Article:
Recycling

Recycling

From Chicken Soup for the Soul: Stories of Faith

Recycling

The generous who is always just, and the just who is always generous,
may, unannounced, approach the throne of heaven.

~John Casper Lavater

Since I had a truck with a trailer hitch, I was the one volunteered to haul the aluminum can trailer to the recycling center after our Bible study on Saturday mornings. It wasn’t that big a chore; it took a couple of hours at the most, and sometimes one of the guys from the group rode along with me.

After a couple of trips, the procedure became routine. I would drive up to the scale, weigh my load, back up to the pit and help shovel the aluminum cans out. The attendant would make a few notations, hand me a slip of paper, I’d go back to get weighed again, then take the slip to the cashier. The total was tabulated, the deductions taken and they’d write me a check. Simple enough.

After a few times though, I started having a little problem with their notations and deductions. It was completely guesswork by the attendant, and I had no recourse as he deducted for non-can waste, non-aluminum cans and, of course, my favorite: water content. If it had been raining and the cans were wet, this was usually the largest deduction. The recycling center seemed to think that empty cans could just absorb water, substantially adding to the total weight and our deductions. I had a hard time believing this, but I tolerated it because any money received was a gift to our church fund and graciously accepted. I trusted the Lord could handle any injustice on their part.

One Saturday morning, it was raining and cold—what many would call a raw day. I wanted to wait for another Saturday to haul the cans, knowing how the deduction system would work against us, but the trailer was full. As I suspected, there were no volunteers to ride along this dreary day, so I hooked up and headed down to the center, doing my duty for church and God.

Everything was pretty much normal when I got there. This early Saturday morning, with the cold wind and rain, was especially slow. When I backed up to the pit, the usual attendants were not to be found. After a minute or so I went ahead and started to unload the cans myself, as I had many times before.

About this time a rather large fellow with a cigar and an attitude came around the corner. “What’s going on here?” he barked.

I could tell by his white shirt and nametag that he was the supervisor. Poor weather and Saturday morning had combined to deter his help from coming in, so he had to man the station himself, he said. He made it quite clear that he was not happy to be there and seemed determined to make sure I was not happy either. I quickly determined I should simply stay out of the way and make a quick departure.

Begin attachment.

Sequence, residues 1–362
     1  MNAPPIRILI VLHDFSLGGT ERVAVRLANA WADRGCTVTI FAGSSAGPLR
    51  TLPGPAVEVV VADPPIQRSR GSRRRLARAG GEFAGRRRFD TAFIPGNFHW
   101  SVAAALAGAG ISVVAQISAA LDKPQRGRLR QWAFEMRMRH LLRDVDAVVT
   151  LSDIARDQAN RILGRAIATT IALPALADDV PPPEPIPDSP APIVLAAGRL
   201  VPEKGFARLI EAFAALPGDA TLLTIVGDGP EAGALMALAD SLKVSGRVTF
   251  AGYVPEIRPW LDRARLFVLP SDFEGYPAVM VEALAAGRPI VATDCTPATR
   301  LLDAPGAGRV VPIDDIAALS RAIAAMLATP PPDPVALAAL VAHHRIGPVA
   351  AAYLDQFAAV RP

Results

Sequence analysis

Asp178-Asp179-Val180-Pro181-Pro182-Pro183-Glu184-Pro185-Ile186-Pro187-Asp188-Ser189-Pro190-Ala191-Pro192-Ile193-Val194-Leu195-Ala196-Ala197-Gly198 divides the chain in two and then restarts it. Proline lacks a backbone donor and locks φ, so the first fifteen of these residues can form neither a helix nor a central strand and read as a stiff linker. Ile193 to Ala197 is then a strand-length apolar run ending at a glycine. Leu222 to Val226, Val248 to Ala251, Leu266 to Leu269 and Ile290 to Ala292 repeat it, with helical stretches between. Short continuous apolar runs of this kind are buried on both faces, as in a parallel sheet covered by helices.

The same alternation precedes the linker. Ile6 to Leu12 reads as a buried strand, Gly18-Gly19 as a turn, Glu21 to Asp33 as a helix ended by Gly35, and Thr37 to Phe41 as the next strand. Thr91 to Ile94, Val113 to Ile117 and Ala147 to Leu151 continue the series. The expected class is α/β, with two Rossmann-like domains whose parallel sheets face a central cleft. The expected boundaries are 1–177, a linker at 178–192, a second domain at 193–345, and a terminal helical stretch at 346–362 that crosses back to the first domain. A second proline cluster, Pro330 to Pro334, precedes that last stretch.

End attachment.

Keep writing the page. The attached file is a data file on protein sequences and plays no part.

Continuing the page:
After we finished unloading, he whipped out the check sheet and started making deductions. He didn’t miss a one. It seemed he could find little good with our load of cans as he continued his checkoff. I regretted making a run this day, but it was too late to turn back. When he got to the water deduction, he was especially critical and the deduction cost us dearly. When he finished, he turned to me and asked the name of our organization so he could list it on the sheet.

“Corpus Christi Catholic Church,” I said.

He stopped in his tracks. He looked up from his sheet and asked, “What church?”

“Corpus Christi.”

He pulled the cigar from his mouth and asked in a gentler tone, “Is that the one by the mountain?”

I replied that it was, a bit surprised that he would know it because it was far from there and few outside of its locale would know much about it.

Standing in the cold wind, he began to tell his story. “When I was in jail, my family needed some help making ends meet. My wife checked with a bunch of organizations for help paying the rent and buying some food for my family. All of ‘em turned her down—except you. Yours was the only place that’d help us.” I could see tears in his eyes.

His voice choked, “Thank you.” At that he reached over and pulled me to him in a bear hug. I’m no small man, but I felt like a child in his embrace. If he could have seen my face as he squeezed the air out of my lungs with his huge arms and his big heart, he would have seen the tears there for him. After a solid slap on the back, he finally released me. I stepped back, breathless, unable to speak. But that was not a problem for him.

He tore the worksheet out of his book and tossed it away. “Let’s see here,” he said as he filled out a new one, quickly going down the list, checking no deductions. Scrawling Corpus Christi in big letters, he signed it and handed it to me with a big smile and another “Thank you.”

After weighing the trailer on the scale again, I took the sheet up to the main desk. The cashier looked at it a little suspiciously but didn’t say anything, noting the supervisor himself had signed it.

I drove away feeling warm and happy, knowing our recycling fund had grown a good bit larger that day—more money to help families in need.

~Richard Duello

Chicken Soup for the Christian Soul 2

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